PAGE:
Once across the bridge, the road meets the B8019 at a T junction, but keeps priority as it slowly turns back west along the north bank of the River Tummel. Half a mile or so further on, a right turn climbs away over the hills towards the B847 at Trinafour. This is the route of the military road, so from now on the B846 is a much newer route. Although following the river west, there are meadows and woodlands between the two as far as the dam which supplies the Tummel Bridge power station via an open aqueduct on the far side of the valley. Just beyond the dam, at Dunalastair, the road climbs over a low knoll, dropping sharply down to the reservoir beyond. It then meets the B847 at a sharp fork facing west. This is the last classified junction, but there is still over 15 miles to the end of the road!
A windy section along the reservoir follows, but this predates the creation of the reservoir, whose water level seems to have risen to meet the road and no more. The road then straightens up as it slowly converges with the River Tummel, enjoying a tree lined run along the river bank into the pretty little village of Kinloch Rannoch, with its churches, cottages and misshapen village square. This remote outpost is well worth visiting, and makes an excellent base for exploring the vast hinterland to the west. From the square, a side road crosses Kinloch Rannoch Bridge, and connects up with the Schieallion Road, and the road along the south shore of Loch Rannoch. At the end of the village, the B846 turns sharply right to curve along the shore of the Loch, and passes a large hotel on the hill above. The road follows the loch shore closely as it darts in and out of the trees, alternating from being almost on the waters edge, to climbing over slight rises. It also turns inland a couple of times to cross the wee mountain streams that have created wide meadows at their mouths.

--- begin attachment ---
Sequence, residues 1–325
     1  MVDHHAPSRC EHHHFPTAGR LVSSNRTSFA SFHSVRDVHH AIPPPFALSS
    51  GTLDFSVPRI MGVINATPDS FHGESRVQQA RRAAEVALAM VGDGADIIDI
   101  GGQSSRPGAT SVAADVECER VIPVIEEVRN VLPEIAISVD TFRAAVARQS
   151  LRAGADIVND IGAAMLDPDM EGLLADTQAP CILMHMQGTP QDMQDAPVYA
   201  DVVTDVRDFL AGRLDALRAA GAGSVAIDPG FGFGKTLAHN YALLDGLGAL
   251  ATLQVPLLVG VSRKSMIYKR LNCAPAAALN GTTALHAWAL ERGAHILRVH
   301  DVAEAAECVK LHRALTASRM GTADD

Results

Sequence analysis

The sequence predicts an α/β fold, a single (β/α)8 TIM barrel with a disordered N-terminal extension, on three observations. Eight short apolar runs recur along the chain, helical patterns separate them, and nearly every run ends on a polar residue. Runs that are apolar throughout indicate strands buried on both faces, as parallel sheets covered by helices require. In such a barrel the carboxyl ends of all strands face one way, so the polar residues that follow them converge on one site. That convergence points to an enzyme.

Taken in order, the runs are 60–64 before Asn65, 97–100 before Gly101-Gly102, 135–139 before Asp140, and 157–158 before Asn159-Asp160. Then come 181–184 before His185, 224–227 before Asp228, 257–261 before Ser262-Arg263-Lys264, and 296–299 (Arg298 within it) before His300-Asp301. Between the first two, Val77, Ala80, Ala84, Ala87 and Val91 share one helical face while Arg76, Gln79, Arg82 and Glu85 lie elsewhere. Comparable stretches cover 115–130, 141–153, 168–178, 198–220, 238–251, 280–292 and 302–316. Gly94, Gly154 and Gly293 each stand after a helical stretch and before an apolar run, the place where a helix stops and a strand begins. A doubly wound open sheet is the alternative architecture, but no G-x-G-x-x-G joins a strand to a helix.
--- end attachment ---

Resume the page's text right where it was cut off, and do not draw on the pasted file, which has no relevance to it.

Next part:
The further west the road gets, the more densely populated the loch shore seems to become, with a steady run of houses and farms dotted along the roadside as it passes through the scattered settlement of Bridge of Ericht. The bridge itself carries the road over the River Ericht, again a little inland from the loch shore. Soon after, the road approaches the head of the loch, and again turns away from the water, this time for the last time as it climbs a little past the junction with the road along the south shore at Bridge of Gaur at the western end of the loch. There are no other road junctions on the B846 from here on, so anyone continuing west for the last five miles will have to retrace their steps (or get a train).
The road now climbs up alongside the River Gaur, past Loch Eigheach and its power station. This section of the route is the most desolate, the landscape dominated by a parallel line of electric poles and pylons, the rest a bleak stretch of bracken coated rocky lumps and bumps. The northern end of Loch Eigheach is skirted, adding a little relief, with the distant grey hills on the far side of Rannoch Moor appearing larger. Another bleak section follows, along a series of undulating straight, to reach Rannoch Station at 300m above sea level at the eastern end of Loch Laidon. The road ends in the station car park; there is a hotel and tea room too, but not a lot else. The displays in the station explain a little about Rannoch Moor and the railway line across it.